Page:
MBTA might exempt itself entirely from the scope of the labor laws by placing all of its employees on the executive payroll, is just that, an absurdity which would call down a swift political remedy. Nevertheless, the striking change in over-all proportions does suggest that some element of abuse may lurk in the gradual accretion of new categories to the executive payroll. Whether any such incremental accretion is reasonable or abusive is just precisely the question that would be asked by the commission in deciding whether a particular class of employee performs managerial functions.
We note also that there has been a change not only in the factual context of the commission's original decision, but the legal context has changed as well. When the commission made its original decision in 1972, the United States Supreme Court had not yet decided NLRB v. Bell Aerospace Co., 416 U.S. 267 (1974), excluding managerial employees from the scope of the national labor laws and giving the criteria for doing so. Nor had the commission yet decided Brookline Hosp., CR-3402 (Labor Relations Commission 1974), which adopted the Supreme Court's categories and reasoning. Thus, in 1970 and 1972, there was not yet a developed body of law for dealing with the necessity of distinguishing between these two classes of employees for purposes of collective bargaining and its protections. In that state of the law, the commission quite understandably took the MBTA's own designation to the executive payroll as a reasonable proxy for a distinction which was felt to be necessary but had not yet fully matured in legal doctrine. While an administrative agency's initial and contemporaneous interpretation of its statute is particularly persuasive, see Udall v. Tallman, 380 U.S. 1, 16 (1965), neither the agency nor a court must be utterly precluded by such an early interpretation from acknowledging the significance of changed circumstances. See Commonwealth v. Secretary of Health & Human Servs., 899 F.2d 53, 62-64 (1st Cir. 1990), judgment vacated on other grounds sub nom. Sullivan v. Massachusetts, 500 U.S. 949 (1991) (agency must show only a "reasoned basis" for change in interpretation). Of course even changed circumstances would not justify a departure from the text and plain meaning of the statute. But that is not what we have here. The text speaks of executives and says nothing of the executive payroll. And it certainly does not authorize the MBTA to have the last word on who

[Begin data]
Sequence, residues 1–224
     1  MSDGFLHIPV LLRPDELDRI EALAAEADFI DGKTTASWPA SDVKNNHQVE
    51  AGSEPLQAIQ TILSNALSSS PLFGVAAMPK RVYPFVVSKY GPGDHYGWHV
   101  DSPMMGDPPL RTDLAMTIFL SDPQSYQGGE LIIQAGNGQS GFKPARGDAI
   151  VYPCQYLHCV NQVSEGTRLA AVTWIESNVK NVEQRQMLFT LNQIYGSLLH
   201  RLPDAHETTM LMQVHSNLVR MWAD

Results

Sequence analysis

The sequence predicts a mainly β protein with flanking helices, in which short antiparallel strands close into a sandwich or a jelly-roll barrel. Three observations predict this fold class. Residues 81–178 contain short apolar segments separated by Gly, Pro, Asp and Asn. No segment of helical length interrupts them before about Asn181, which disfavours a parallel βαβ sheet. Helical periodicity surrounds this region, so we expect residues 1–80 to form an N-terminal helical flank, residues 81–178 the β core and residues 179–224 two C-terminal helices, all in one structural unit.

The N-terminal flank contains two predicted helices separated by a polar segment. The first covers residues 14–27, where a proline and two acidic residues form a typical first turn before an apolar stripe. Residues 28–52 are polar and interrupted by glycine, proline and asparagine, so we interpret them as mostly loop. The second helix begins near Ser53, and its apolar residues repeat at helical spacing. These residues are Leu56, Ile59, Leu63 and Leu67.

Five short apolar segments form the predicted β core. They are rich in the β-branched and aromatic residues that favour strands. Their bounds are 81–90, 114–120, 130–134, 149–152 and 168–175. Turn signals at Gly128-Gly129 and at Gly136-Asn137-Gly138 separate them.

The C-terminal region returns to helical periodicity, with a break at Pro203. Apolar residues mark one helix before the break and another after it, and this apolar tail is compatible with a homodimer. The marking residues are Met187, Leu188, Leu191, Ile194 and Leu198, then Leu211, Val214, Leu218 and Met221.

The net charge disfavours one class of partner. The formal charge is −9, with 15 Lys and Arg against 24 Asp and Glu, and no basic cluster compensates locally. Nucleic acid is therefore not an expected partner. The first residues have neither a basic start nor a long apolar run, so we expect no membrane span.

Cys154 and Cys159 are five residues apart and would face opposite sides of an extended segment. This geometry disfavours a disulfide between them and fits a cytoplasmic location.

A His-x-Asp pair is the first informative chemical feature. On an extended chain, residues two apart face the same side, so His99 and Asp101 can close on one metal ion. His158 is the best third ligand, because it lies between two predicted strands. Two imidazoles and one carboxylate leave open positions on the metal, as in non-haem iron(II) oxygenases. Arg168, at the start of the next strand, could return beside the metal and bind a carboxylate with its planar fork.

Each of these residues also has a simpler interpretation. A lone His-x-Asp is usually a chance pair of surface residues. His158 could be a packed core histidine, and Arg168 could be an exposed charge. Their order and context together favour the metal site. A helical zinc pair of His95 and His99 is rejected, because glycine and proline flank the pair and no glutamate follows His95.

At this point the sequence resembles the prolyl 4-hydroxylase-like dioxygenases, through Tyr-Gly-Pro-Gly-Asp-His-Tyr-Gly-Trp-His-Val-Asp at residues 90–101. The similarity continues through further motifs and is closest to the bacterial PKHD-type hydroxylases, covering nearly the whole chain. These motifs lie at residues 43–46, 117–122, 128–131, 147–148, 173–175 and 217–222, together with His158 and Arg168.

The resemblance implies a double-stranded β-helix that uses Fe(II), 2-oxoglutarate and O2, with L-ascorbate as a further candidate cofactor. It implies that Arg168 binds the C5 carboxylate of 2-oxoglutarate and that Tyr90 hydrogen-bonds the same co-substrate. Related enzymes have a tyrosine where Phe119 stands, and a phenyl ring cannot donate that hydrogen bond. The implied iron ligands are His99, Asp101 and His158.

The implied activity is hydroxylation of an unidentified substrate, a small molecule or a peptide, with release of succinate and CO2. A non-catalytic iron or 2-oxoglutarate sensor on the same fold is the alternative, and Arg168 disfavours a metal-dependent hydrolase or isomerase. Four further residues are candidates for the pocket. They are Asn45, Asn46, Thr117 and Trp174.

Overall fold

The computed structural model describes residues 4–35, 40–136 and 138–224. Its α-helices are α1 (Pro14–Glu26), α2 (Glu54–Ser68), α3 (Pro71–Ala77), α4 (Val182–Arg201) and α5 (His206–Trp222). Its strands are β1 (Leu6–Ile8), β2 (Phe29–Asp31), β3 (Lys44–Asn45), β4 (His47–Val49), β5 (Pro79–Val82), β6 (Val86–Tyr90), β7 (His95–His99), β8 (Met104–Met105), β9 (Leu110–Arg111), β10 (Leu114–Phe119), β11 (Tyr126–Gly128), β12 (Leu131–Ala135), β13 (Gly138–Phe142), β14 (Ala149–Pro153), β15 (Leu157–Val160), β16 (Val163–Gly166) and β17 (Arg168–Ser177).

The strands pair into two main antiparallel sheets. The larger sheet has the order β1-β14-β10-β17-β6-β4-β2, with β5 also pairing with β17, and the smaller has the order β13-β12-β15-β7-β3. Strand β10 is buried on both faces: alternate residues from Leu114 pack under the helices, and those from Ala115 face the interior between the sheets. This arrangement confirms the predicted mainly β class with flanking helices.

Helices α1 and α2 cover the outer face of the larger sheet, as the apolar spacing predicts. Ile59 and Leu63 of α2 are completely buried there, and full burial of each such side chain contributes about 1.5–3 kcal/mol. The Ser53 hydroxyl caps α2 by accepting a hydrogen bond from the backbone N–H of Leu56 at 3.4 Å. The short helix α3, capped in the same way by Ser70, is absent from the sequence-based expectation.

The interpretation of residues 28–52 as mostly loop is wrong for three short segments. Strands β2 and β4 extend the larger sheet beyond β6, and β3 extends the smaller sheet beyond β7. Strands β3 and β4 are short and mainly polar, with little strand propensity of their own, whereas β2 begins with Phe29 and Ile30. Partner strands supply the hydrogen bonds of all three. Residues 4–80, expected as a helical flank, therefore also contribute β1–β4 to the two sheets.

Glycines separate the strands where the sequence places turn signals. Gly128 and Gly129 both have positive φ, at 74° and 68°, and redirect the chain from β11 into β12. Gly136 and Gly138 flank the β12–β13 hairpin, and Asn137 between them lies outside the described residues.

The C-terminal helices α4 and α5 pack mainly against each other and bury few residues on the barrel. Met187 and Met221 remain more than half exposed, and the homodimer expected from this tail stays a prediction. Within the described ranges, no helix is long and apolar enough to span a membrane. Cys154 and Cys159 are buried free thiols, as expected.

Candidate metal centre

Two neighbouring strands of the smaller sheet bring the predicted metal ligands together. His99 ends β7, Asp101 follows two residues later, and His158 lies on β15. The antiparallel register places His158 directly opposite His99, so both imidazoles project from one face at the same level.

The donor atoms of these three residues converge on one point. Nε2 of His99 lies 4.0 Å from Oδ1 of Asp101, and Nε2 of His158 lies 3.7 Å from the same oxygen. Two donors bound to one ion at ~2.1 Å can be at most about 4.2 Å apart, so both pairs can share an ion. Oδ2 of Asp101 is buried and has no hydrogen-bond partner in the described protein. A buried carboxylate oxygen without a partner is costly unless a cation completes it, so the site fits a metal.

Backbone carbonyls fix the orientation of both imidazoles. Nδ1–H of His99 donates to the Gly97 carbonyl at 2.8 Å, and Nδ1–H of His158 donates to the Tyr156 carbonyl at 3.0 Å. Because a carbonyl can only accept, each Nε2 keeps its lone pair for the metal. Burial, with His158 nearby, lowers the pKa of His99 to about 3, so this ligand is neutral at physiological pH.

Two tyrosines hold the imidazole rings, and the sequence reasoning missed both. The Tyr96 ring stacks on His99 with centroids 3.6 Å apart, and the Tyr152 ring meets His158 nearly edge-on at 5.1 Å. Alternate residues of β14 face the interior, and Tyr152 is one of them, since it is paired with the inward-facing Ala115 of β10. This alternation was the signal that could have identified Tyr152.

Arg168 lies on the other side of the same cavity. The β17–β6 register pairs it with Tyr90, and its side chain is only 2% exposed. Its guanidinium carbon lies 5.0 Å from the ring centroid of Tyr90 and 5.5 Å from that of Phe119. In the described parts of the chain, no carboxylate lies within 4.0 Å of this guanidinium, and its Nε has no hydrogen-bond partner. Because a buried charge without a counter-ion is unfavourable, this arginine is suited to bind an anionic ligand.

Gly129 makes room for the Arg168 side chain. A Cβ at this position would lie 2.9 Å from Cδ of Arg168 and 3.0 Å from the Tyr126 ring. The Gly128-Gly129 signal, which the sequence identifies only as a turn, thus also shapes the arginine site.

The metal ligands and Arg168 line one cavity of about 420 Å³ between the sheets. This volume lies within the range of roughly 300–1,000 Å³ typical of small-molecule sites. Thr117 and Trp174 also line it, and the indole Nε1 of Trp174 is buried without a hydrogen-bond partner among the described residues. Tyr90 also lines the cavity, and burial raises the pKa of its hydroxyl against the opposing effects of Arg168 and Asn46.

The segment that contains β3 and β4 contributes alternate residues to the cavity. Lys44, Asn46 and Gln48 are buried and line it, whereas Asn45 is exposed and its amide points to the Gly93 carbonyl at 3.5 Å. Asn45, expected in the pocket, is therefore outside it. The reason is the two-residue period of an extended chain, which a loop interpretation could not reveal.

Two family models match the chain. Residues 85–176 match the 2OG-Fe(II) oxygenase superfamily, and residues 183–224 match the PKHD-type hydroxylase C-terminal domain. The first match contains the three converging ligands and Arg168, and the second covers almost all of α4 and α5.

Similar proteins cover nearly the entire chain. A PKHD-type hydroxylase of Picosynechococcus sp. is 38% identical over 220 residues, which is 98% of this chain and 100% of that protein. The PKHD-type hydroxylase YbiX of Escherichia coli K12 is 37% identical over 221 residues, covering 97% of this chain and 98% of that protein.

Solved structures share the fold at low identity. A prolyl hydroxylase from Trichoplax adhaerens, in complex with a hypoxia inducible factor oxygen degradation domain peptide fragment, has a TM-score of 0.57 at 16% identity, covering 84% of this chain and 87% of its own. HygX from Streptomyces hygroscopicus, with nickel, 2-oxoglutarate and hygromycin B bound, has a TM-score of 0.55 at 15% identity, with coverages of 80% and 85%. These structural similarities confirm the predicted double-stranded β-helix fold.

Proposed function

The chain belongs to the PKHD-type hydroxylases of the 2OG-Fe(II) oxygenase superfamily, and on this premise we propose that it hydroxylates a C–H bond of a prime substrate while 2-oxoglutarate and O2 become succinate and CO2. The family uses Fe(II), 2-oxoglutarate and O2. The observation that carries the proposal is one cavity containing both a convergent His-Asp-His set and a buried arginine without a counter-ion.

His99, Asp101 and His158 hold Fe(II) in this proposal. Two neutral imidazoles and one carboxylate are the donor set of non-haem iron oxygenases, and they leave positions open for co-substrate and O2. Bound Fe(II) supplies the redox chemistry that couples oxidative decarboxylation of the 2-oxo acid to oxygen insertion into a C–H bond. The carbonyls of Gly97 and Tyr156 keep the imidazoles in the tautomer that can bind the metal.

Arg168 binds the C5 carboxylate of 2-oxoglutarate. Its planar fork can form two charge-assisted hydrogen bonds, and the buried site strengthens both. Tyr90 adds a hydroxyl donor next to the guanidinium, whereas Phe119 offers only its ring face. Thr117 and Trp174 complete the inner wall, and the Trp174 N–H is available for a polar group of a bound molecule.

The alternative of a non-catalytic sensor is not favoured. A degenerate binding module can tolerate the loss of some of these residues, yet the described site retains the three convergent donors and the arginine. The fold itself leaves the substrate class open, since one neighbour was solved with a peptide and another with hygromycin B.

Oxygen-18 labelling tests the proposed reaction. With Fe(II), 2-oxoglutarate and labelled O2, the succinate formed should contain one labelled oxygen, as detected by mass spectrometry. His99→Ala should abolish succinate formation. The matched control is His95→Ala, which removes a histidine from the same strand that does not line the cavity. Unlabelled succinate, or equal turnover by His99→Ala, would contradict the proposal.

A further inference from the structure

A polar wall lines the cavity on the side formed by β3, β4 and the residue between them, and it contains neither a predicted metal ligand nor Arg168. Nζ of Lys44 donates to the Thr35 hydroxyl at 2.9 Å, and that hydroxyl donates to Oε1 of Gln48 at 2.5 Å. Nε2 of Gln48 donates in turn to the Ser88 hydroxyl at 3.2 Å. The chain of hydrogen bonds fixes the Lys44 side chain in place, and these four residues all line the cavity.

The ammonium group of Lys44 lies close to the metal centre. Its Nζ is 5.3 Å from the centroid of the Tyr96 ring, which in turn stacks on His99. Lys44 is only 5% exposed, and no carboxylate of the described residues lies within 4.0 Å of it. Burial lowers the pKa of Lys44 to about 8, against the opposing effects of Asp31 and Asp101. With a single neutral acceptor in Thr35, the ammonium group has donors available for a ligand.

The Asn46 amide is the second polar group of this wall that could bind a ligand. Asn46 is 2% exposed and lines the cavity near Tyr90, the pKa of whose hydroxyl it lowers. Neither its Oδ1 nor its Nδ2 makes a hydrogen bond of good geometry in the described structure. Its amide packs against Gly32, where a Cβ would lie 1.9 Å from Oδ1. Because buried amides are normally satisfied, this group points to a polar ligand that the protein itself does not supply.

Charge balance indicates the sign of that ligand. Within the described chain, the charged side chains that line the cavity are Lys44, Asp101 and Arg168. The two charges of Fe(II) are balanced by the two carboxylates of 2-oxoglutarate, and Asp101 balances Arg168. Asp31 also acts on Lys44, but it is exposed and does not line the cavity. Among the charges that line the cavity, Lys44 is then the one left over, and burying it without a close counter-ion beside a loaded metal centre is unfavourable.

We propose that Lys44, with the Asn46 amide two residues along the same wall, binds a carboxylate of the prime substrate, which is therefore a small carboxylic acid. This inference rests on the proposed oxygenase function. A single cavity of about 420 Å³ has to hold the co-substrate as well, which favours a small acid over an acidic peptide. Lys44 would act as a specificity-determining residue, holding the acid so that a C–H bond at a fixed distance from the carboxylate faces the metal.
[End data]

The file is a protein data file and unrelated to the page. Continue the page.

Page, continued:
shall enjoy coverage under the statute by its unilateral and unreviewable assignment of employees to the executive payroll. This is a result sufficiently Out of keeping with the structure of the statute and the context of the laws governing labor management relations generally, that we would not read s. 19A that way unless compelled to it. As we have sought to show, we are not. [Note 3]